Bycatch

Entanglement rates and haulout abundance trends of Steller (Eumetopias jubatus) and California (Zalophus californianus) sea lions on the north coast of Washington state

Allyn EMarina, Scordino JJoseph. Entanglement rates and haulout abundance trends of Steller (Eumetopias jubatus) and California (Zalophus californianus) sea lions on the north coast of Washington state Wells B. PLOS ONE [Internet]. 2020 ;15(8):e0237178. Available from: https://journals.plos.org/plosone/article?id=10.1371/journal.pone.0237178
Freely available?: 
Yes
Summary available?: 
No
Type: Journal Article

Entanglements affect marine mammal species around the globe, and for some, those impacts are great enough to cause population declines. This study aimed to document rates and causes of entanglement and trends in local haulout abundance for Steller and California sea lions on the north coast of Washington from 2010–2018. We conducted small boat surveys to count sea lions and document entangled individuals. Rates of entanglement and entangling material occurrence were compared with records of stranded individuals on the Washington and Oregon coast and with packing bands recorded during beach debris surveys. The rate of entanglement for California sea lions was 2.13%, almost entirely composed of adult males, with a peak rate during June and July potentially due to some entangled individuals not migrating to their breeding grounds. For Steller sea lions, the rate of entanglement was 0.41%, composed of 77% adults (32.4% male, 63.3% female), 17.1% juveniles, 5.9% unknown age, and no pups. Steller sea lions exhibited a 7.9% ± 3.2 rate of increase in abundance at the study haulouts, which was similar to that seen in California sea lions (7.8% ± 4.2); both increases were greater than the population growth rates observed range-wide despite high rates of entanglement. Most entanglements for both species were classified as packing bands, followed by entanglement scars. Salmon flashers were also prevalent and only occurred from June–September during the local ocean salmon troll fishery. Packing band occurrence in beach debris surveys correlated with packing band entanglements observed on haulouts. However, no packing band entanglements were observed in the stranding record and the rate of stranded animals exhibiting evidence of entanglement was lower than expected, indicating that entanglement survival is higher than previously assumed. Future studies tracking individual entanglement outcomes are needed to develop effective, targeted management strategies.

Using GIS and stakeholder involvement to innovate marine mammal bycatch risk assessment in data-limited fisheries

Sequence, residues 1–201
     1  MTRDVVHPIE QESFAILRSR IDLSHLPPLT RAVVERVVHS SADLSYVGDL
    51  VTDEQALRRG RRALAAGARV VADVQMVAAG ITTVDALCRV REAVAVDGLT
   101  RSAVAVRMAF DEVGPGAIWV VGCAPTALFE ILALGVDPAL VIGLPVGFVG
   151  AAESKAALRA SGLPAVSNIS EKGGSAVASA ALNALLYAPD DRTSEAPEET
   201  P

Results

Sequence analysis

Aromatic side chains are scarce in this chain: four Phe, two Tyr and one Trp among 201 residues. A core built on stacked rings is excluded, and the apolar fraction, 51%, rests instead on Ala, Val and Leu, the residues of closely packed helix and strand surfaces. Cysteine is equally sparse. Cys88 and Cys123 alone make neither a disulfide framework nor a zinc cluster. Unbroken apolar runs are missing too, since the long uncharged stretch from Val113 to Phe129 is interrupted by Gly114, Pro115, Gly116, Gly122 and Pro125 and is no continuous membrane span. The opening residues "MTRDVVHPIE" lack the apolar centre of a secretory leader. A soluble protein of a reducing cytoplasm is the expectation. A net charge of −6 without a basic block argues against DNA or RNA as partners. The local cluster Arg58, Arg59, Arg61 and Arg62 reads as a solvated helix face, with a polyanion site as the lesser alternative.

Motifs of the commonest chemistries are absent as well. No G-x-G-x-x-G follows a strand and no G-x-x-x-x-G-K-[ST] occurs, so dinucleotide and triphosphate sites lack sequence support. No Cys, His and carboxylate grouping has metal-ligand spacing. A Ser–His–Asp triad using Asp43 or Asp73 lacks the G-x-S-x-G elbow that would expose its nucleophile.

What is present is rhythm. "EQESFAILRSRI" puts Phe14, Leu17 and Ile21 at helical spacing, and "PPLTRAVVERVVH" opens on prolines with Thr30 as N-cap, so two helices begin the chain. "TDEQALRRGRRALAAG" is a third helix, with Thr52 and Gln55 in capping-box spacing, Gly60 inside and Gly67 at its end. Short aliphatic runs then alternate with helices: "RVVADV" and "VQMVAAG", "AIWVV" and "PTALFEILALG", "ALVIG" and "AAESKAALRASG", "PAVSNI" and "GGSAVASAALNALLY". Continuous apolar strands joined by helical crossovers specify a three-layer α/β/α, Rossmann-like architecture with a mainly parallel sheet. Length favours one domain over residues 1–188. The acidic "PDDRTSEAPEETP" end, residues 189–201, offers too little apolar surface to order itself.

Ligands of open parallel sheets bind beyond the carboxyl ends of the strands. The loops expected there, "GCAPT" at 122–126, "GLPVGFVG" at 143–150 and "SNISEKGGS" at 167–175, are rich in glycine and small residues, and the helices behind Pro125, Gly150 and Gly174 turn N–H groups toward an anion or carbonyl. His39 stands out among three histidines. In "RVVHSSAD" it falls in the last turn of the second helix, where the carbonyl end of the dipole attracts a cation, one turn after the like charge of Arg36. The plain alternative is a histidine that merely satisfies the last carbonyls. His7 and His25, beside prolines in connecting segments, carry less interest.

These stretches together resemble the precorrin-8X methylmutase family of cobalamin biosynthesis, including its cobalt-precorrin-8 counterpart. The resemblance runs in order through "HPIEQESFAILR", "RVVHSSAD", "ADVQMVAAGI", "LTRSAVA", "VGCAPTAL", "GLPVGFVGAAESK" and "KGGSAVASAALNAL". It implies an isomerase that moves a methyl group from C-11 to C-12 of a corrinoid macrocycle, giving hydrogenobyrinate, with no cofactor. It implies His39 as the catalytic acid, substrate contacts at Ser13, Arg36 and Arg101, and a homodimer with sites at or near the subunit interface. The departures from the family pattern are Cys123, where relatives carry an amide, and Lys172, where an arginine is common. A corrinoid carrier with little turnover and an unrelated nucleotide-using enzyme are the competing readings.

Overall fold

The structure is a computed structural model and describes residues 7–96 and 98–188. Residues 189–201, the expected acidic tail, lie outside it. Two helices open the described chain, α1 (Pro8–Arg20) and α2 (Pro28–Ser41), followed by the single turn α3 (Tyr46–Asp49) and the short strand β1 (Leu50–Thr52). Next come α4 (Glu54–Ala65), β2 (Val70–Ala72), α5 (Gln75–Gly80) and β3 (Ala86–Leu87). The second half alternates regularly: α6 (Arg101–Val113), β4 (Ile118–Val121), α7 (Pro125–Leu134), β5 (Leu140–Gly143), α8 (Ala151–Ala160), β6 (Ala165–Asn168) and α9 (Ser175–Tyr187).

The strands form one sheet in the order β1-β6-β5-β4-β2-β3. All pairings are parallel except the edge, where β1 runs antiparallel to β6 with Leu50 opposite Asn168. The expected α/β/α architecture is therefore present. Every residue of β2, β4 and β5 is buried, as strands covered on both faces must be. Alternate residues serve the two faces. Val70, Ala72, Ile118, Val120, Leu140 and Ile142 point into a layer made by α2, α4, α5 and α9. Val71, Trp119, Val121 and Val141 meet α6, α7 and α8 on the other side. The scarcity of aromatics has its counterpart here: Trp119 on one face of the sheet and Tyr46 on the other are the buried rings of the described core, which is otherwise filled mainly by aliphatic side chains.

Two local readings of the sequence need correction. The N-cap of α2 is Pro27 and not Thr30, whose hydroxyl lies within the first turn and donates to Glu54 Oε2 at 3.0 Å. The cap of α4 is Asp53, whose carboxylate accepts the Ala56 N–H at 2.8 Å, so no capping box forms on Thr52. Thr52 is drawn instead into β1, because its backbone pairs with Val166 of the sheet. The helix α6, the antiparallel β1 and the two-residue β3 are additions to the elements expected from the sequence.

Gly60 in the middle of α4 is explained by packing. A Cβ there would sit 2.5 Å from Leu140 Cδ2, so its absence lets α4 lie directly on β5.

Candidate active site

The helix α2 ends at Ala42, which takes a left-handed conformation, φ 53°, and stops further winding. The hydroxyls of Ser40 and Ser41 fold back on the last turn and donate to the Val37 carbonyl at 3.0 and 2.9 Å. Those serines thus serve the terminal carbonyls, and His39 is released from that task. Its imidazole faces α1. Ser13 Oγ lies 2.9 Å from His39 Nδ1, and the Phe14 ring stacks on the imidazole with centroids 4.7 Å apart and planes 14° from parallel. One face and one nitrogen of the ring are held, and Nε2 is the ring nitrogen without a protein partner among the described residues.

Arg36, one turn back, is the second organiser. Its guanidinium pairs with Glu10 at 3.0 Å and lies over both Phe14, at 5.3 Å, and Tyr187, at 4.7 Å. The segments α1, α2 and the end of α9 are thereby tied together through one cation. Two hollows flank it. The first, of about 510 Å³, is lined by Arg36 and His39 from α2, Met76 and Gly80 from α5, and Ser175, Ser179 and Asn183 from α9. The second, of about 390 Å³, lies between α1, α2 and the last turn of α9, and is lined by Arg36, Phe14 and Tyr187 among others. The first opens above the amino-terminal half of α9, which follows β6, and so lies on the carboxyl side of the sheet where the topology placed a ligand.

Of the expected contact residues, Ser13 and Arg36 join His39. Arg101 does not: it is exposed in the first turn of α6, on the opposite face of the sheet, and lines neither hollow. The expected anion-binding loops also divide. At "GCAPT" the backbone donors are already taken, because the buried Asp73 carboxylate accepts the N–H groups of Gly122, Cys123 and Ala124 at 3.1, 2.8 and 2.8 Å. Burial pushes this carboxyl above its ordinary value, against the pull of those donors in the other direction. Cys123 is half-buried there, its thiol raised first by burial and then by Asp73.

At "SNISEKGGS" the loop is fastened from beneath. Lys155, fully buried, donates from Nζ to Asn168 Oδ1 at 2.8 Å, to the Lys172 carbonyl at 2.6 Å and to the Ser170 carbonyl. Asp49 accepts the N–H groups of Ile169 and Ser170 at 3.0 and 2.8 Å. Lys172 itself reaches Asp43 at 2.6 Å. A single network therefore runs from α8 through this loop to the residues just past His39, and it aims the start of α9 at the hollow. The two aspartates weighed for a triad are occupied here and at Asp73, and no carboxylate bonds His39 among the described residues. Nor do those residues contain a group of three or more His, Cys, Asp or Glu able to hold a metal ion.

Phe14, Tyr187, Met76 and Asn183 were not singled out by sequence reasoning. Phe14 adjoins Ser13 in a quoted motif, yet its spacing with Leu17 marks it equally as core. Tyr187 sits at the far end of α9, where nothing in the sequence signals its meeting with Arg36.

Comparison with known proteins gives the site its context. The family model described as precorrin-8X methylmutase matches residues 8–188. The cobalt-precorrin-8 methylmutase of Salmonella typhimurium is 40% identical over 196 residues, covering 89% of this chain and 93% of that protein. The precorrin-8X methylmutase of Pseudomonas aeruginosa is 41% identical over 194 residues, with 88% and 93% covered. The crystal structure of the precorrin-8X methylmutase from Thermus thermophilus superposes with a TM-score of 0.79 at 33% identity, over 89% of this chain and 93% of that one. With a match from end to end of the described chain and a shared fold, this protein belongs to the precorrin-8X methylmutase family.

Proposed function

Verutes GM, Johnson AF, Caillat M, Ponnampalam LS, Peter C, Vu L, Junchompoo C, Lewison RL, Hines EM. Using GIS and stakeholder involvement to innovate marine mammal bycatch risk assessment in data-limited fisheries Duplisea DE. PLOS ONE [Internet]. 2020 ;15(8):e0237835. Available from: https://journals.plos.org/plosone/article?id=10.1371/journal.pone.0237835
Freely available?: 
Yes
Summary available?: 
No
Type: Journal Article

Fisheries bycatch has been identified as the greatest threat to marine mammals worldwide. Characterizing the impacts of bycatch on marine mammals is challenging because it is difficult to both observe and quantify, particularly in small-scale fisheries where data on fishing effort and marine mammal abundance and distribution are often limited. The lack of risk frameworks that can integrate and visualize existing data have hindered the ability to describe and quantify bycatch risk. Here, we describe the design of a new geographic information systems tool built specifically for the analysis of bycatch in small-scale fisheries, called Bycatch Risk Assessment (ByRA). Using marine mammals in Malaysia and Vietnam as a test case, we applied ByRA to assess the risks posed to Irrawaddy dolphins (Orcaella brevirostris) and dugongs (Dugong dugon) by five small-scale fishing gear types (hook and line, nets, longlines, pots and traps, and trawls). ByRA leverages existing data on animal distributions, fisheries effort, and estimates of interaction rates by combining expert knowledge and spatial analyses of existing data to visualize and characterize bycatch risk. By identifying areas of bycatch concern while accounting for uncertainty using graphics, maps and summary tables, we demonstrate the importance of integrating available geospatial data in an accessible format that taps into local knowledge and can be corroborated by and communicated to stakeholders of data-limited fisheries. Our methodological approach aims to meet a critical need of fisheries managers: to identify emergent interaction patterns between fishing gears and marine mammals and support the development of management actions that can lead to sustainable fisheries and mitigate bycatch risk for species of conservation concern.